Figure 1 is a plan view, on a small scale, of a preferred form of tile; Fig. 2 is a plan view of a fragment of a tile ooring, showing an assembly of a number of tiles of Fig. 1; Fig. 3 isa top plan view, on a much larger scale than Fig. 1, containing the meeting corners of four tiles adjacent to each other; Fig. 4 is a section on line 4-4 of Fig. '3; Fig. 5 is a section on line 5--5 of Fig. 4; Fig. 6 is a section on line of Fig. 3; Fig. 7 is a top plan view, on a larger scale than Fig. 1, showing a group of four two-ply meeting tiles; Fig. 8 is a section, on a larger scale, on line 3 8 of Fig. 7; Fig. 9 is a view similar to Fig. 7, showing a complete tile and fragments of three others, each of these tiles being single-ply; Fig. 10 is an edge View, on a larger scale than. Fig. 9, of' one of the tiles appearing in the latter figure; Fig. ll is a top plan view showing the meeting corners of four tiles of a still further modified form; Fig. 12 is a section on line i2-i2 of Fig. 11; Fig. 13 is a plan view, on a small scale, of one of the tilesindicated in Fig. ll; Fig. 14 is a plan view of a yfragment of flooring composed of lrectangular tiles; Fig. 15 is a plan view of a corner of one of the tiles of Fig. 14, partly broken away; Fig. 16 is a view similar to Fig. 14, showing a herringbone arrangement of the tiles; Fig. 17 is a view partly in plan and partly in section of a corner and edge fragment of one of the tiles in Fig. 16; and Fig. 18 is an edge view of so much of the tile as appears in Fig. 17, this figure, as does Fig. 1'7, showing two keys in the positions which they occupy relatively tothis particular tile in the completed flooring.

Referring to Figs. 1 to 6 of the drawings, i represents the body portion of a single ply hardwood tile. This may be either a single piece of Wood of the desired thickness partially slit into narrow strips, as disclosed in my Patent No.

2,018,712, of October 29, 1935, or it may consist of individual strips arranged side by side. Engaged with eachv edgeof the member l containing end grain is a border strip 2 of the same thickness as the member i. Each of the members E contains a narrow longitudinal groove 3 into which extends a tongue t formed on the adjacent edge of the member i. These tongues are glued into the grooves so that the overlying lips on the border members have a backing just as solid as though the grooves were not there, and the objections incident to the use of tongue and groove joints between meeting tiles are not inherent in this construction. The border pieces 2 have projecting portions or noses 5 of isosceles triangles in which the angle at the apex is fortyfive degrees. Therefore, when four similar tiles are arranged with corners meeting, as shown in Fig. 2, the four noses produce a complete square. By sanding or cutting away a little from the tip of each nose, as indicated at 6 in Fig. 3, a little square hole is left at the center of the square formed by the assembled nose portions. A slot l is cut into each nose portion 5 so as to extend entirely through the same from side to side and lie in a plane parallel to the faces of the tile. These slots are for the purpose of receiving keys to hold adjacent tiles against moving relatively to each other out of their common plane, and the width of each slot depends upon the material of which the keys are made. Thus,l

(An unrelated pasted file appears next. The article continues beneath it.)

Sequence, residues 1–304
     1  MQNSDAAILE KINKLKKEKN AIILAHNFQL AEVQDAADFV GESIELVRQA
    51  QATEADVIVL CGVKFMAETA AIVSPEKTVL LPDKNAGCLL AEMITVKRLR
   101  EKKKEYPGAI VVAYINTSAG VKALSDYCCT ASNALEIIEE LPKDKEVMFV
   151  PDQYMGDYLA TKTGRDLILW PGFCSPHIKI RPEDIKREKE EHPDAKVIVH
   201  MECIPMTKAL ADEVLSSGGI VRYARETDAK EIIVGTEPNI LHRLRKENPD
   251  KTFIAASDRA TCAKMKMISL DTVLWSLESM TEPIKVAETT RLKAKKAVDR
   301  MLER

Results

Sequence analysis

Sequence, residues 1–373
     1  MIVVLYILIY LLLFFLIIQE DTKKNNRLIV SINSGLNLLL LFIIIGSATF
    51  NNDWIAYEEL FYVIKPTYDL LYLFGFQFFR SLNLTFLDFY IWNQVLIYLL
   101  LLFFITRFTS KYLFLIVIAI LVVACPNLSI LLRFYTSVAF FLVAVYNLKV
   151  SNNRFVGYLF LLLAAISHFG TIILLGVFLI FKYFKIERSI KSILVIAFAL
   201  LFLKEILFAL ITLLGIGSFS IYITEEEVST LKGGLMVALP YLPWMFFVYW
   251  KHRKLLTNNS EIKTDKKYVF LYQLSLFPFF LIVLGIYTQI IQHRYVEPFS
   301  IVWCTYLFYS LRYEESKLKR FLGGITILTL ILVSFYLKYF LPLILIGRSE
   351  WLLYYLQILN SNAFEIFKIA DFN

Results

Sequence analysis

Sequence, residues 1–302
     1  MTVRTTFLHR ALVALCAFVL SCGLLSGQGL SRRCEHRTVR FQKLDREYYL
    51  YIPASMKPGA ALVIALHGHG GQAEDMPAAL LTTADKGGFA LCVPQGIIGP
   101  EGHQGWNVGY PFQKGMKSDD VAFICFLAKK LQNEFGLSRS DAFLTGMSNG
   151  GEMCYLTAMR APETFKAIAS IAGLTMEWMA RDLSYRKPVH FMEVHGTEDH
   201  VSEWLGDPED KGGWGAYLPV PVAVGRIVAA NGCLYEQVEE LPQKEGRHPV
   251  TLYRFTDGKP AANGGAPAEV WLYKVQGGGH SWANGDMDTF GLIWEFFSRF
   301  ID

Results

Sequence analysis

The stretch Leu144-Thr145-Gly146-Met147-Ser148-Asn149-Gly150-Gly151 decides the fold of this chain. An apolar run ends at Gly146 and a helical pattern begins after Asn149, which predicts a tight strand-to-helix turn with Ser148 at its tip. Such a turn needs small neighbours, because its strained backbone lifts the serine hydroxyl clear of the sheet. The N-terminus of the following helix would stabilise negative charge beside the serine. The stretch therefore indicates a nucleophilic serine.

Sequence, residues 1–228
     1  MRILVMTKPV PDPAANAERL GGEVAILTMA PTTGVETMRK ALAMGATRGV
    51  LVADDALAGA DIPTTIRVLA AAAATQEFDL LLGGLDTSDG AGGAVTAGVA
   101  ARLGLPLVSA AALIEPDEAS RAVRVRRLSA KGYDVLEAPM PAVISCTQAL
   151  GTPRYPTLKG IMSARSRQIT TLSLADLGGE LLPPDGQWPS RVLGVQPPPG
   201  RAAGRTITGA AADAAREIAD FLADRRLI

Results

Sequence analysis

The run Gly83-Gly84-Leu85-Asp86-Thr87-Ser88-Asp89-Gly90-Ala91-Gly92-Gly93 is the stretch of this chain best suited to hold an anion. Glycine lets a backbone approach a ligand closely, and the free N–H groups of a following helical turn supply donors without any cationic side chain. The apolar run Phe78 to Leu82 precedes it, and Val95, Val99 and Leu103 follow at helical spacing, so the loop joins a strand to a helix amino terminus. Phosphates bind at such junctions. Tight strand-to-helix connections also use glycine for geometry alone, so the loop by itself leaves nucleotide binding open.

in the arrangement shown, the keys 8 are intended to be of thin sheet steel and therefore the slots are quite narrow. Each key is shown as being square, although it may have any other desired shape, and as having in the center a nail hole 9. If the plate is not thicker than about twenty-fourv gauge, a nail may be driven through the plate without first forming a hole in the latter. For a thicker plate, it is desirable that the hole be drilled of such a size that the body of the nail will pass freely through the same, while the head of the nail, which should be an ordinary finishing nail, as shown at l0 in Fig. 4, may engage with the material surrounding the hole and serve to draw the plate down toward the sub-floor when the nail is nally driven below the surface of the tile by means of a nail set.

It will be seen that the tiles may be quickly laid in place on the subfloor, the little key plates being inserted as the laying progresses. After the entire flooring is down, or before, if desired, nails are inserted in the holes 6 .and driven down into the subfloor, indicated at A in Fig. 4. Since there is no driving of nails through the tiles or any other work required to be done that might mar the finish, in the laying of the tiles, the tiles may be given their final finish inthe factory where they are made. Thus, the flooring requires no subsequent finishing treatment after it has been laid. It will further be seen that because of the absence of the usual tongue and groove joints between tiles, there are no weak lips that crack or break off, but each tile is solid along all of its edges except through the small distances where the key plates are located. If the key plates are a reasonably good fit in the slots and are comparatively thin, there is no danger that the lips at the ends of the border pieces will give way. Although there is a tongue and groove joint between each border strip and the tile to which it belongs. this is a glue filled joint, and the effect is at least as good as though the wood were solid throughout the entire thickness of the tile at the joint.

In Figs. 7 and 8 there is illustrated an arrangement in which the tiles ii comprise two plies each composed of narrow strips i2 corresponding to the body portion of the tile shown in Figs. l to 6. The strips in one tile extend transversely of those in the other. 'Ihese tiles have corner slots 'l to receive keys or plates 8, and the flooring formed thereby may be fastened to the suboor by nails i0.